How Do You Tailor Therapy for Different Family Structures?

How Do You Tailor Therapy for Different Family Structures?

In the diverse landscape of family structures and dynamics, therapy professionals are constantly adapting their methods. We've gathered insights from a Marriage and Family Therapist Associate and a Clinical Director, among others, to share their strategies. From listening to understand unique dynamics to tailoring resources for diverse family structures, here are four expert techniques to enhance therapeutic practice.

  • Listen to Understand Unique Dynamics
  • Assess Individual and Collective Family Needs
  • Adapt Methodology to Family Situations
  • Tailor Resources for Diverse Family Structures

Listen to Understand Unique Dynamics

In my experience, the best way to tailor individualized therapy for different family and couple systems is to listen. Listen with curiosity, acceptance, and openness. Basically, I assume I know nothing about their situation, even if I have helped a family or couple in a similar situation before. Each family system has a unique dynamic and culture, and I want to learn about it before I start mucking around in their system. So, I ask a lot of questions to learn. Essentially, I see the client as the expert on their lives. After all, they are living it 24/7. I am merely a guest who has been invited in to guide them through their blind spots—blind spots I won't see unless I listen and understand their situation. So, I listen.

Amanda Averbeck
Amanda AverbeckMarriage and Family Therapist Associate, Authentically Rooted Counseling

Assess Individual and Collective Family Needs

When I start my work with any family, I like to meet with the family together, then individually. This allows me to see the dynamic and any issues or communication challenges. Meeting with each member of the family unit individually allows me to hear the perspective of each family member and assess their individual challenges and strengths. Then, I meet with the family together to determine the best approach to help the family. Throughout the work, I will regularly check in and meet with individual members as needed. My goal in any family work is to help increase communication and the overall family dynamic. My approach allows me to meet each family where they are at and take any factors unique to that family into consideration.

Julie Payne
Julie PayneDoctor of Marriage and Family Therapy (DMFT) & Licensed Marraige & Family Therapist (LMFT), Julie Payne MFT, Peninsula Center for Children and Families, & Thrive In Schools

Adapt Methodology to Family Situations

It's important for all therapists to assess the family's situation and adapt their methodology accordingly. When utilizing a specific approach or a combination of approaches, a therapist must carefully assess client/family relationships, trauma, and substance use, if any. When integrating family therapy models, therapists often utilize elements from different models to create a more thorough and efficient treatment plan.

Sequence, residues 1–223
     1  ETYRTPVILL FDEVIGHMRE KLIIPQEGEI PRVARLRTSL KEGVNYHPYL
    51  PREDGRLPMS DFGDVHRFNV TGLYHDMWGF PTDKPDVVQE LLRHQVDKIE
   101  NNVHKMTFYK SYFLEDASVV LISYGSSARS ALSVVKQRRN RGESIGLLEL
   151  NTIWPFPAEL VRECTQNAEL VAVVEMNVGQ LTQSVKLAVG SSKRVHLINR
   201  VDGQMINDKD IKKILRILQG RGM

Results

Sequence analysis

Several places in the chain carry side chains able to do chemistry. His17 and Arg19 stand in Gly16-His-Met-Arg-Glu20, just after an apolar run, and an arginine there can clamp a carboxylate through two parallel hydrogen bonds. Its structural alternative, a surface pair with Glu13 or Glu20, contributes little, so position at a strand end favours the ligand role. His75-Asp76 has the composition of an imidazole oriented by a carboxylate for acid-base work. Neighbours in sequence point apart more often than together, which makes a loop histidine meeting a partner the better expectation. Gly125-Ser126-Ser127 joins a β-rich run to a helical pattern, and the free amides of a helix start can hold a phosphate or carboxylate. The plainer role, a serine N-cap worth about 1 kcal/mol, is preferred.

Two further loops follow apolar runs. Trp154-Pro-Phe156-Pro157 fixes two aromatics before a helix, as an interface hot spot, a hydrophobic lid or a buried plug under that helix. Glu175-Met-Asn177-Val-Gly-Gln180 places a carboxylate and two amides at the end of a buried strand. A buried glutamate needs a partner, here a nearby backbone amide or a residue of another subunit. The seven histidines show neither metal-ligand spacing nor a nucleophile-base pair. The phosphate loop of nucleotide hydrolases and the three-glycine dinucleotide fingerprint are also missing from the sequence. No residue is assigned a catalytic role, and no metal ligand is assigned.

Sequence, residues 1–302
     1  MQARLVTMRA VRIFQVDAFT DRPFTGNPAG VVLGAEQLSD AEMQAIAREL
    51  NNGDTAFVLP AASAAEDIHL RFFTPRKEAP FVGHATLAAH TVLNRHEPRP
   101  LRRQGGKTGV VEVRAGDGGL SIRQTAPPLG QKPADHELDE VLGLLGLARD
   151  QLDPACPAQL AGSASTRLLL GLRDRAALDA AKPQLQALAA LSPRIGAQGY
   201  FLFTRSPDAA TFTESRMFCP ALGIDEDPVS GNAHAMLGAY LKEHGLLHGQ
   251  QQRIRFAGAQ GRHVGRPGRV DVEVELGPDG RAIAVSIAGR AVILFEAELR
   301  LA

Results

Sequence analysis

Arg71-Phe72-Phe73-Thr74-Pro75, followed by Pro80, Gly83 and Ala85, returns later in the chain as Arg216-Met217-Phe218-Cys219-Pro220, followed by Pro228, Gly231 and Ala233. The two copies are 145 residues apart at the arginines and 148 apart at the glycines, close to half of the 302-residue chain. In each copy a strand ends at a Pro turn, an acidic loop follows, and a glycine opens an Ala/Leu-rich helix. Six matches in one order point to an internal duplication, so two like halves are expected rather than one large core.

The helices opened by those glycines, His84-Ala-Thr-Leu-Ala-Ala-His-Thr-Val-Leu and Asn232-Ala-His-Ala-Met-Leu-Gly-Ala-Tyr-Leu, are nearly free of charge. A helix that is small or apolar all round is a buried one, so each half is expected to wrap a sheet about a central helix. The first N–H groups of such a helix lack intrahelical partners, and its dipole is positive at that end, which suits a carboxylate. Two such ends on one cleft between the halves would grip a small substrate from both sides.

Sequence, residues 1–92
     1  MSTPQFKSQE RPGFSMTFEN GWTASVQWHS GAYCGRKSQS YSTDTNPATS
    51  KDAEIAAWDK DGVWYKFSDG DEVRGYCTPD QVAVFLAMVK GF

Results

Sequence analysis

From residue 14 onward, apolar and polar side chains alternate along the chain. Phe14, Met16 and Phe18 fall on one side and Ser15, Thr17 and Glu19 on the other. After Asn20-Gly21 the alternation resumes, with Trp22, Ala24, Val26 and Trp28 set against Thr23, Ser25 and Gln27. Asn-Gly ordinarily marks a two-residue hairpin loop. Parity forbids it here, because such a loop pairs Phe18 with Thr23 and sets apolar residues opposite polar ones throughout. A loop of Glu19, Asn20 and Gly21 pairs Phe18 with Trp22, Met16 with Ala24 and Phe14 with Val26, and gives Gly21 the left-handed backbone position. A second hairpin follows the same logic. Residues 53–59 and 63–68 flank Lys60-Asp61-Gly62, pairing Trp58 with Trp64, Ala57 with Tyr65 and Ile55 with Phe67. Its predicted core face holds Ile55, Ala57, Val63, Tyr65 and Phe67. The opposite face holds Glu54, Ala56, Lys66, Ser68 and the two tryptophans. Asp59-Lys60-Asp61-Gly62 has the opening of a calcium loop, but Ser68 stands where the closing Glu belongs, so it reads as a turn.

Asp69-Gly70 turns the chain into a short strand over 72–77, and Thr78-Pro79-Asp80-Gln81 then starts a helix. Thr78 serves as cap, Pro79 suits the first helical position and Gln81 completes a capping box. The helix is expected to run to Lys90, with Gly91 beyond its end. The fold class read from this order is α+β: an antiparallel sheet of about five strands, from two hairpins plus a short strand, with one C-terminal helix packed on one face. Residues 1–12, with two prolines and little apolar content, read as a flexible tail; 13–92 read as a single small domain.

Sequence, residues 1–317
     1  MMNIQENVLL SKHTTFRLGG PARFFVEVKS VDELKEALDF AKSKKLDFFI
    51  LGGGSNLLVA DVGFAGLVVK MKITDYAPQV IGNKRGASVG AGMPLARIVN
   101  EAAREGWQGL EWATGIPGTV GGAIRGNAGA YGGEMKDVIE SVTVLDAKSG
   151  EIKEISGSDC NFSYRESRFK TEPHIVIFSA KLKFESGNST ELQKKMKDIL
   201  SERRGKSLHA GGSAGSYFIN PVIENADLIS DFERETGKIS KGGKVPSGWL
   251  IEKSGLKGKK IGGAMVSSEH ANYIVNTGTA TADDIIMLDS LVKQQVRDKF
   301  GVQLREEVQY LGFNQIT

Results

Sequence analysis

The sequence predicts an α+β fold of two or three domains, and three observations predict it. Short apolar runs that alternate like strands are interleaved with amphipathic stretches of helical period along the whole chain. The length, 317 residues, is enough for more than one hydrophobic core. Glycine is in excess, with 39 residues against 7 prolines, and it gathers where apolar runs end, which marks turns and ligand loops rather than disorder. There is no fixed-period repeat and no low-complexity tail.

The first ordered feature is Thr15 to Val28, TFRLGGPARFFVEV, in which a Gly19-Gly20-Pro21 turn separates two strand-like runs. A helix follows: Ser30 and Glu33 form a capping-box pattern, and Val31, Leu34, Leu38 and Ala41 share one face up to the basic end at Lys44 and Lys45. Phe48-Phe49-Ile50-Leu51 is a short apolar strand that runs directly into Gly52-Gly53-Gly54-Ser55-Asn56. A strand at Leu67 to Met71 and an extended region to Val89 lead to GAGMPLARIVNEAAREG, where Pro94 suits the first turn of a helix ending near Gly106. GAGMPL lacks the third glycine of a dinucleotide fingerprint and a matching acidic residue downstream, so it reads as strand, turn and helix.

A therapist must be able to improve communication, build stronger relationships, define boundaries, and manage conflicts within the family system. By improving how family members interact and relate to one another, targeted family therapy can effect change in these relationships. When individuals are affected by mental health or substance abuse, family members may lack awareness of how to help. Through therapy, family members can learn more about what they can do to support their family member and improve the relationship.

Dr. Ken Goodrich
Dr. Ken GoodrichClinical Director, Milton Recovery

Tailor Resources for Diverse Family Structures

As a speaker, content creator, and founder of Stay Here, I’ve worked extensively with diverse family structures and dynamics in the context of mental health, particularly focusing on suicide prevention and recovery from addiction. Our comprehensive resources include detailed guides on how family therapy can support people in recovery from substance abuse, providing clear steps and therapeutic approaches that acknowledge unique family dynamics.

For instance, when navigating substance abuse treatment, we refer to the booklet 'What Is Substance Abuse Treatment? A Booklet for Families,' which outlines symptoms, treatment methods, and recovery processes specifically tailored to varied family settings. Family therapy sessions often emphasize improving communication and healing, critical in diverse family structures, whether single-parent households or extended families living together. Each session is designed to address specific familial roles and interactions that may impact recovery.

In addressing parental substance abuse affecting teens, we use the pamphlet 'It's Not Your Fault' from NACoA, which reassures teens and encourages them to seek support. By customizing our approach based on family unit dynamics, such as blended families or multigenerational homes, we ensure that the therapy is relevant and effective for each unique situation. We’ve seen significant positive outcomes when these specific family-centered strategies are employed, leading to better communication and healing within the family unit.

Jacob Coyne
Jacob CoyneFounder, Stay Here

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